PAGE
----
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  12. YES. I think that people love to talk about themselves (I mean, I do) but there's a balance between doing something good for someone else out of the depths of your heart and doing it to seem cool or special or trendy... Like, yes, awesome that charity is happening, but the show can be exhausting to have to watch over and over again. :)

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  13. YES. This should be a YEAR-ROUND attitude or lifelong support instead of a momentary trend. Philanthropy is a vital part of community, surely, but it's something best cultivated slowly with long-lasting effects than just a rapid fire social media frenzy.

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  14. YES. I think realizing that there were other hot button issues going on in the press at the same time is SO VITAL because it effects our attitude towards everything else... And we all know that there are "priorities" we assign to certain stories over others (if that makes sense) and when the news shares stories otherwise it can make for tension. :)

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  15. I love you.


    Oh wait, too forward? Girl, yes. Education and donation is what makes efforts like these so wonderful and more long-lasting than the 30 seconds of cold. :)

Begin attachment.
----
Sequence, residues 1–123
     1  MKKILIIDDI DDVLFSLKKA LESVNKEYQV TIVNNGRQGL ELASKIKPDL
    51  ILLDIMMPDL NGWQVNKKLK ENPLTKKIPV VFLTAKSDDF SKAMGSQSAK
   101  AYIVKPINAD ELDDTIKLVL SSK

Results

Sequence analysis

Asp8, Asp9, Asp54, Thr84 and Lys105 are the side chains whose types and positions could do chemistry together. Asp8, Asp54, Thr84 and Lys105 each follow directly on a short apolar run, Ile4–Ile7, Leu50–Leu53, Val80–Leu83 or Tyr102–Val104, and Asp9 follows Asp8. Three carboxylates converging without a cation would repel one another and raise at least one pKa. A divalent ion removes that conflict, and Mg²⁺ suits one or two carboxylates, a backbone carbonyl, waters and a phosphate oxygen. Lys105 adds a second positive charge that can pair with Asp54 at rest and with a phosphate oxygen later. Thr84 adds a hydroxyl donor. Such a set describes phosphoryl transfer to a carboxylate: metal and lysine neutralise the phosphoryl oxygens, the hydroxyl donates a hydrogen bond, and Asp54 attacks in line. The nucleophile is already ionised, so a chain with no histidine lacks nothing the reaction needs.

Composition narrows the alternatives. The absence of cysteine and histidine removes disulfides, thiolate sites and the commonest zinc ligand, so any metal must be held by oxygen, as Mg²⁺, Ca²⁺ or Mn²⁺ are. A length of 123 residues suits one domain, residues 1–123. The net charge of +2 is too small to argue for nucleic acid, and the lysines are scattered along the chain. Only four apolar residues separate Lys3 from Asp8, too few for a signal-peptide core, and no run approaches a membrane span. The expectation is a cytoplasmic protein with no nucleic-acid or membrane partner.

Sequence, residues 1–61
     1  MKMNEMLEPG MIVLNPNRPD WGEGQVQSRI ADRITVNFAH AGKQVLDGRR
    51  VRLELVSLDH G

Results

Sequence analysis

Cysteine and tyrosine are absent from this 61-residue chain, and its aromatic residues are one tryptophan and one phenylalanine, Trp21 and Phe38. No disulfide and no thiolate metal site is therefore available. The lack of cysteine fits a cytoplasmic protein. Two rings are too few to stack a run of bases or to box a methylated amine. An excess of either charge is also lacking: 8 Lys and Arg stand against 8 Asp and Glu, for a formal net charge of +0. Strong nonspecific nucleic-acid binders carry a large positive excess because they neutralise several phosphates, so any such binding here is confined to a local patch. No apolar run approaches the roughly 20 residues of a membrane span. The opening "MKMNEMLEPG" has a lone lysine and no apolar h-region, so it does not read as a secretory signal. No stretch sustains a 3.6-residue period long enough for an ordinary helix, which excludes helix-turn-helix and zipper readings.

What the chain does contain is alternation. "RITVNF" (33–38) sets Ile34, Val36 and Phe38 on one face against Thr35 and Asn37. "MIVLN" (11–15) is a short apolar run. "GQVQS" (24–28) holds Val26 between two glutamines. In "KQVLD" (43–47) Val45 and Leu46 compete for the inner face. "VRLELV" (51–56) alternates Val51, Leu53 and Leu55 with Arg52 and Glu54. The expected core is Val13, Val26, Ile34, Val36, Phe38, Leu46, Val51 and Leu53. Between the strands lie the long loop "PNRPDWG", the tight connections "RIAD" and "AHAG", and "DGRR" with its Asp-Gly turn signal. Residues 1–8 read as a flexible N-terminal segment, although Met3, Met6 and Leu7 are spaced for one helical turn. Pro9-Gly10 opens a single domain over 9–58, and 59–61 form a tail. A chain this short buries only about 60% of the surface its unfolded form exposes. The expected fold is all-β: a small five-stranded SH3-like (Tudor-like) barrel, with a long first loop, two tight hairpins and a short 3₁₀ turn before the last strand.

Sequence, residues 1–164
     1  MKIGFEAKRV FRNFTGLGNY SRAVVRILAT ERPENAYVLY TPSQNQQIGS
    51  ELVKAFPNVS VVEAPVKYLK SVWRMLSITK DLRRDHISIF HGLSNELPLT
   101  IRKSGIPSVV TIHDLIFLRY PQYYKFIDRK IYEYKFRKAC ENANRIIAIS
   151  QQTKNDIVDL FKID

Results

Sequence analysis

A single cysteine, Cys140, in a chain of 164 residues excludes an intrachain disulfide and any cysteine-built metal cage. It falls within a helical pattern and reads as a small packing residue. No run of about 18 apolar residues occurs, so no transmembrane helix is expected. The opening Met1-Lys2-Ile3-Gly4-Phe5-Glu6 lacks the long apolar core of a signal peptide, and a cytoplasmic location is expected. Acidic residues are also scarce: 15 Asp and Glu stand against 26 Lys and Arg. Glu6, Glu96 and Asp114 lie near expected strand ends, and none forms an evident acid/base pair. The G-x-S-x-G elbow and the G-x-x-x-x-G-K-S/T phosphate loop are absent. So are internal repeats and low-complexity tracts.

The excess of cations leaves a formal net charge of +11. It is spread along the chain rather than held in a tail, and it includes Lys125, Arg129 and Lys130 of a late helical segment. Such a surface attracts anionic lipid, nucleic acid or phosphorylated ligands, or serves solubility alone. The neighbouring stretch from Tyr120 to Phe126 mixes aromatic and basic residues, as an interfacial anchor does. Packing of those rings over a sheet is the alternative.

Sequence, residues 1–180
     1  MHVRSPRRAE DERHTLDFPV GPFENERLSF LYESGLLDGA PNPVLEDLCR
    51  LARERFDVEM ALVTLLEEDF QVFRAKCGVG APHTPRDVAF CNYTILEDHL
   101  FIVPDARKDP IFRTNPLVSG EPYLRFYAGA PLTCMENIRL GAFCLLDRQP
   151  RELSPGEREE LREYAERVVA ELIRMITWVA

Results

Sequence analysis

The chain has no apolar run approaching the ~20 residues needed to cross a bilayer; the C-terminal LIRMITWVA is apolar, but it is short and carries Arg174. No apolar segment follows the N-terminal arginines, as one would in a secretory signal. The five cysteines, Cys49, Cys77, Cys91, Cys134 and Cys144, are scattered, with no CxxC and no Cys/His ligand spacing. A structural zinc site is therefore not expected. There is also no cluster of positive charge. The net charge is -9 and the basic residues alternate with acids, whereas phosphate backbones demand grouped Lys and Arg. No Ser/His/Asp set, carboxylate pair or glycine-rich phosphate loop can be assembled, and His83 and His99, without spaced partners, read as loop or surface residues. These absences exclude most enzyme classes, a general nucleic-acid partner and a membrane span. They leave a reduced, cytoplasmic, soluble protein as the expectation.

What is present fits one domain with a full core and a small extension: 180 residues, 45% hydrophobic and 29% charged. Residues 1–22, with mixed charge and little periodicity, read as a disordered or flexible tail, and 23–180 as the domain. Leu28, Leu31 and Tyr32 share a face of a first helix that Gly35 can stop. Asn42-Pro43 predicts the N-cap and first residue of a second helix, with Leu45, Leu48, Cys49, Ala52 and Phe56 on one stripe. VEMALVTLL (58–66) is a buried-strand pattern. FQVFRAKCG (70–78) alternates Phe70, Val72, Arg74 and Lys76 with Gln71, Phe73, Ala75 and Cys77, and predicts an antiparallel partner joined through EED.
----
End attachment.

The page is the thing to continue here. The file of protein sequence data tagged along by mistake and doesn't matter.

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  16. How about the videos where they say ASL? Like American Sign Language I guess? Those are the one's that make me realize that the education part is SO LACKING and surely the donation isn't following... I had friends who's kids participated -something I'm not against- but when they aren't sharing the larger context with them, I feel the effort becomes futile.

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  17. Seeing the way that it took off made me realize that the worldwide web is doing great things for the cause of ALS (and other things). It warmed my heart to see the way that people embraced participating in the fundraising efforts and raising awareness (two things that are so valuable), but I struggled with the way that it became a name-dropping show for others... I guess that is the case with anything and everything, but I'm choosing to focus on the positive! :)

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  18. The outcome of the challenge has truly blown me away... Especially after working in a fundraising office in college and realizing that getting people behind a cause can be extremely challenging. It's been amazing seeing the way that the wild fire of excitement passed from person to person, state to state, nation to nation because those boundaries can be so tough to pass over.